IT contractors squeezed into permanent jobs

The IT contractor market is witnessing an exodus of professionals into permanent work. That's if they can find it: many others are failing to find work of any sort, according to a new survey

The number of contractors who have left self-employment to become permanent employees has doubled since June 2000 and the number out of work has more than tripled, according to a survey conducted by contract workers' Web site Shout99.com.

In a readers' poll on the site in June, contractors were asked how business has changed for their limited companies since a similar poll two years ago. According to the results, the number of contractors to have closed their businesses to go permanent has risen from 8 percent in 2000 to 16 percent in 2002, with a large rise in the number of contractors out of work: 39 percent this year compared to 11 percent in 2000.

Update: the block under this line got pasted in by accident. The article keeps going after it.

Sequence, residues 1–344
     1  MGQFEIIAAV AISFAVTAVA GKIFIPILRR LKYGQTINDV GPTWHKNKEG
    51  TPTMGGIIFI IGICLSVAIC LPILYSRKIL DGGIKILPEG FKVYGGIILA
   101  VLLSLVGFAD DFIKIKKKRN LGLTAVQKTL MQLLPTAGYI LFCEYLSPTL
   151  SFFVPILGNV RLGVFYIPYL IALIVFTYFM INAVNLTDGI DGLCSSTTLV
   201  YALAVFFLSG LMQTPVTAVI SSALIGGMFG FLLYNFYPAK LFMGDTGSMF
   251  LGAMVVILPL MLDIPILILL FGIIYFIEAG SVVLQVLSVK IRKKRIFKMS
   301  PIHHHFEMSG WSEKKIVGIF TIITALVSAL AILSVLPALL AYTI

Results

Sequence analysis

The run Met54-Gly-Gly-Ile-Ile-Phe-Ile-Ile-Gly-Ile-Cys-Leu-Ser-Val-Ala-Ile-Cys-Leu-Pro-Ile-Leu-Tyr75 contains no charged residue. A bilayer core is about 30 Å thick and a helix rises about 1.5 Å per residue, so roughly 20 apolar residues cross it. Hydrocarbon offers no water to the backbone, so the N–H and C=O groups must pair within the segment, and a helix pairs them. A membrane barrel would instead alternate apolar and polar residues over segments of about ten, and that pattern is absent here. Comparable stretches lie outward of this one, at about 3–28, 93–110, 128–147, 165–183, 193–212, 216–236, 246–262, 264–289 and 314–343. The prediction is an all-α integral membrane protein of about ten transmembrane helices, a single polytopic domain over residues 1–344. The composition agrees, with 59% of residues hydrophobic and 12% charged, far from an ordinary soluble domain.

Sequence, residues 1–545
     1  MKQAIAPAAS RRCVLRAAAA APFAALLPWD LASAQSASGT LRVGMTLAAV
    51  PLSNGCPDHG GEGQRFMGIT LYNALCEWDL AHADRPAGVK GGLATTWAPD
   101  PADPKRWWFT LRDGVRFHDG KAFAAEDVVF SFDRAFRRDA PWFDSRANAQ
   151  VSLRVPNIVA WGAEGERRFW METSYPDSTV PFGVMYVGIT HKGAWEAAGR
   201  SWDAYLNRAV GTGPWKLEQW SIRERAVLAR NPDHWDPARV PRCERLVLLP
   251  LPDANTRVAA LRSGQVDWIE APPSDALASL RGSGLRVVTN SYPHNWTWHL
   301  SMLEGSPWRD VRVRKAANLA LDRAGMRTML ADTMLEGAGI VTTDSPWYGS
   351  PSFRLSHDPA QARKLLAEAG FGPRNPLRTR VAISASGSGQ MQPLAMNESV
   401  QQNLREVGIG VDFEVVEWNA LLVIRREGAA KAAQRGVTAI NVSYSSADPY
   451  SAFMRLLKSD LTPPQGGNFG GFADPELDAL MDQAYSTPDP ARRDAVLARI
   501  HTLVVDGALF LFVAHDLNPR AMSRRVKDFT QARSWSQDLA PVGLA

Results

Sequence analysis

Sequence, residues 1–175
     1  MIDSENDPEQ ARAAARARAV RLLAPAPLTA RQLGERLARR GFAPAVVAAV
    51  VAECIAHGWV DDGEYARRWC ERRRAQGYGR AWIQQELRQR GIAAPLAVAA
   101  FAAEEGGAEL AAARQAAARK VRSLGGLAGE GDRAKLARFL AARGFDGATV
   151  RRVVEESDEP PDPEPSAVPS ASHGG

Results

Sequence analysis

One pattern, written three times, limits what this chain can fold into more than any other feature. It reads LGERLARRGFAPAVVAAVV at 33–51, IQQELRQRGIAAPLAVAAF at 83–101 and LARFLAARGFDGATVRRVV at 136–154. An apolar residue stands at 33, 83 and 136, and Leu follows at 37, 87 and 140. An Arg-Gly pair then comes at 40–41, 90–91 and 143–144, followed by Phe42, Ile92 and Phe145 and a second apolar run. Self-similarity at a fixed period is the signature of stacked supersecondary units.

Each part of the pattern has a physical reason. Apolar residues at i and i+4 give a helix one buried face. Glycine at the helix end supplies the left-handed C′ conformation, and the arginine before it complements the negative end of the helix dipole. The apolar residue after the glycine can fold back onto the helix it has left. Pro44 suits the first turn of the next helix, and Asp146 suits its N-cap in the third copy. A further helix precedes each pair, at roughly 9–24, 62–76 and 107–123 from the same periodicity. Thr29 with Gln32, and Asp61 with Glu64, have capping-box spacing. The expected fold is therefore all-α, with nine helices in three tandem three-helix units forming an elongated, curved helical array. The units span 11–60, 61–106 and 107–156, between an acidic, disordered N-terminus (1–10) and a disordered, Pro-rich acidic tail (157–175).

The number of contractors to have closed their businesses and retired has also risen, from 1 per cent in 2000 to 5 percent in 2002, and the number choosing to work less hours and take more holiday has more than halved, from 23 percent two years ago to 9 percent today.

IT contractors continue to be squeezed by employers as their rates are cut. Recent companies to have substantially cut contractors' rates or made layoffs include Barclays Bank, GlaxoSmithKline, Credit Suisse First Boston, BT, IBM, Deutsche Bank, JP Morgan, Ericsson, CitiGroup and Hewlett-Packard.


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